BWW Exclusive Interview: MACHINAL Costume Designer Michael Krass Talks Tony Nomination & More
Costume designer Michael Krass has received a Tony Nomination for his outstanding work in Roundabout Theatre Company's production of Machinal, which ended its limited engagement at the American Airlines Theatre on March 2. Starring Rebecca Hall, and directed by Lyndsey Turner, Machinal is a gripping drama by American journalist and playwright Sophie Treadwell which was inspired by the infamous 1927 murder trial of Ruth Snyder.
Today, Krass speaks exclusively with BWW about designing costumes for this unique production and shares why the experience was "the best job I've ever had!"
To begin with, congratulations on your Tony nomination!
Where were you and how did you find out that you had been nominated?
I was on my sofa in my bathrobe trying to figure out my iPad so I could find out if I was nominated for a Tony.
How did you celebrate the news?
I went to a tech rehearsal, hugged some people, ate some candy, switched some cardigans around, pinned up some hems, and answered nice notes from people I hadn't heard from in ages.
What does it mean to you to be nominated for this particular show?
It's the best job I've ever had, and I knew that as I did it. Lyndsey Turner is an extraordinary director, and her authentically humane approach to the play exactly suited my interests and desires to celebrate human beings and their behaviors and put them on a Broadway stage. and so it's very affirming that work was noticed amidst all the glamour.
What inspired you to become a costume designer?
I think I gravitated to the theatre the same way most people do -Ii was a geek who mercifully didn't fit into the 'norm' and didn't want to. i was a terrible actor (though now I perform every day as a costume designer), had a good design eye, found lumber too heavy and inanimate to be any fun, and was passionate about people and specifically about supporting actors in doing their very brave work. I don't care much about clothes, actually.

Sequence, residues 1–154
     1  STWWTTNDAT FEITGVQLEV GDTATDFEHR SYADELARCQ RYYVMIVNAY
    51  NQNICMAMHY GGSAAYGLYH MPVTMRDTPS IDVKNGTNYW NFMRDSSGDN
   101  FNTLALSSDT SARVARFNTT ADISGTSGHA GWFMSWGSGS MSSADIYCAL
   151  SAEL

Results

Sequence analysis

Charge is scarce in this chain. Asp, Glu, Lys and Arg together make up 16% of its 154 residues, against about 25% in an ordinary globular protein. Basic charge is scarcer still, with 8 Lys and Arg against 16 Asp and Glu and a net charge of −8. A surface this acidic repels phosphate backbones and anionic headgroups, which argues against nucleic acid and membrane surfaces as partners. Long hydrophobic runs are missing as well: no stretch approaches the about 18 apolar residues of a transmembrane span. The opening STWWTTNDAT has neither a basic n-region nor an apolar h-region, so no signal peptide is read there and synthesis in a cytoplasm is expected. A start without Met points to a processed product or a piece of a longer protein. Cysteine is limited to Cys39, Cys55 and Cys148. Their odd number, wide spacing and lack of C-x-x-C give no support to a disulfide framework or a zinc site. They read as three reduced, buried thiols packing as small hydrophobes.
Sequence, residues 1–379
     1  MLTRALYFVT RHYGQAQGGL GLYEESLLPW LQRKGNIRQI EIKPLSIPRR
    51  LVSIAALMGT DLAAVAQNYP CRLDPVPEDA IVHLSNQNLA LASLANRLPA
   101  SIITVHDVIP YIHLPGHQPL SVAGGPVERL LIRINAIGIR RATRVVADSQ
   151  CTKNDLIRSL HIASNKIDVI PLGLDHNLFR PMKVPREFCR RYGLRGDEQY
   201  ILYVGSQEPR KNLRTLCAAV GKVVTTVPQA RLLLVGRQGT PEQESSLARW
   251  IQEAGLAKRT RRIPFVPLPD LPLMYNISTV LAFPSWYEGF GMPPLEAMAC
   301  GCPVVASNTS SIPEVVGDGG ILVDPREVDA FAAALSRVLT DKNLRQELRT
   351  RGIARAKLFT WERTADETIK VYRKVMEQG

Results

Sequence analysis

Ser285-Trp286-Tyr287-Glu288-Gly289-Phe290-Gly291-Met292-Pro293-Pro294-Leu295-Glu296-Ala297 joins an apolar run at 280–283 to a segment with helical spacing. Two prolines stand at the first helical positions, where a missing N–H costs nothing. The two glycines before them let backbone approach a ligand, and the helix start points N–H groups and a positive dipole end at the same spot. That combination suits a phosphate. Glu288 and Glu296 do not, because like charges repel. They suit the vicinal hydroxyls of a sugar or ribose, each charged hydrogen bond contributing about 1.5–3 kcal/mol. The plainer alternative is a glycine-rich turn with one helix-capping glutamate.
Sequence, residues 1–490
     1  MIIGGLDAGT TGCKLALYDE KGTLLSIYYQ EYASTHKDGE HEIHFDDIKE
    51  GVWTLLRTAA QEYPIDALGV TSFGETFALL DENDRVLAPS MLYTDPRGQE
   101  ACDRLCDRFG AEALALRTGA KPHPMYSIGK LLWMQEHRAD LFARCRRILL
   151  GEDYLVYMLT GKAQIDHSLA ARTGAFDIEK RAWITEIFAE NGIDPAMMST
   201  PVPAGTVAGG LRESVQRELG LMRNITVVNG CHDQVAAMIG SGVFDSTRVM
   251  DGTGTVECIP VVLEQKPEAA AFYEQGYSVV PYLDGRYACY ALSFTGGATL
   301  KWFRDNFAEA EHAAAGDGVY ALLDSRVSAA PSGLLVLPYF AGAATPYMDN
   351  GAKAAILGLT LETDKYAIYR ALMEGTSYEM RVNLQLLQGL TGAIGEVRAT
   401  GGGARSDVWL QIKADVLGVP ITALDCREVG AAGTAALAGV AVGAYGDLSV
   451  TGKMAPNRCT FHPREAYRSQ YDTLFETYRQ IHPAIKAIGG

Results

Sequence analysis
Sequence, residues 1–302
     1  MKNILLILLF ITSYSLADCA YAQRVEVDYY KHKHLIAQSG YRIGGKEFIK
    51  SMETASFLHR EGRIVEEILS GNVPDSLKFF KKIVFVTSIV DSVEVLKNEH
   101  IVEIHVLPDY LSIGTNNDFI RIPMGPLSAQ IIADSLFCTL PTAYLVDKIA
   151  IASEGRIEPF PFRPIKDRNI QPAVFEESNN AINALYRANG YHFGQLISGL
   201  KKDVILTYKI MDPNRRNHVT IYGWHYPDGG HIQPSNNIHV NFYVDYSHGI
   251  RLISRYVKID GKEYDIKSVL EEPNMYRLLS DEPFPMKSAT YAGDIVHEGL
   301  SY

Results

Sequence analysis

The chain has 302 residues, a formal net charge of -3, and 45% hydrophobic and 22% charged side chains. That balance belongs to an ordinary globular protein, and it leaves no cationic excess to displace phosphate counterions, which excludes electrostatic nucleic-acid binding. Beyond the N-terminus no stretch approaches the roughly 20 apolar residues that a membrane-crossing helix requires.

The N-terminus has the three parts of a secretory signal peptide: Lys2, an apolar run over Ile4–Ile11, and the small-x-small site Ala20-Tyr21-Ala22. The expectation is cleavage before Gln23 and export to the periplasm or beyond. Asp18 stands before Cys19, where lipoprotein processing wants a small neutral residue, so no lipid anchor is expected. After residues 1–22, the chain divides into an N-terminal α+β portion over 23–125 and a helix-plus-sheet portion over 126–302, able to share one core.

Machinal required an extraordinary number of costume changes. How did you approach that challenge?
First we made a big big chart. my brilliant associate and friend Tracy Christensen and i figured it out like a giant ever-shifting puzzle - because it did shift throughout the rehearsal period. Lyndsey (our director) had ideas about specific onstage quick-changes, and we secretly dressed some people as onstage doubles of Rebecca Hall so that she could, in fact, be changing costume offstage - ha!
Then we assembled a ton of period clothing from sources all over the country - including from under my bed - fit and rebuilt the clothes to withstand the changes and usage, built specifics and what we were unable to find, and aged those to blend with the authentic pieces. There were a couple of pretty embarrassing things from the 70s in there, too. desperate measures in a small budget.
Then we had an intelligent and caring wardrobe and wig staff to organize and enact the show. The event backstage was an amazing feat.
The play is set in the 1920's which was a significant period in fashion history. Was it exciting for you to create costumes from that era?
I know the period pretty well - i was tony nominated for THE CONSTANT WIFE, which was set in the more pretty and glamorous upper-class side of things - and to be able to contrast that with the more photographic and beleaguered world of MACHINAL was really satisfying. it's a period of violent change and movement - the machine! - so there's 'freedom', but also a good deal of fear to investigate. we were running from the emotional devastation of the world war as much as we were celebrating in speakeasy's.
What type of historical research did that require in order to ensure accuracy?
The research was joyous. There was, for once, no burden to make the actors look pretty - though some of course were - or to create artifice, so I was able to plunge into photo archives and old books to uncover the quirks that create real people. we all aim to look like some icon or other - consciously or unconsciously - and we all miss the goal, and the places we veer away from looking like a magazine photo are where we are most human, where we betray our actual selves. and so to investigate that in period photographs of real people is a rich and loving activity.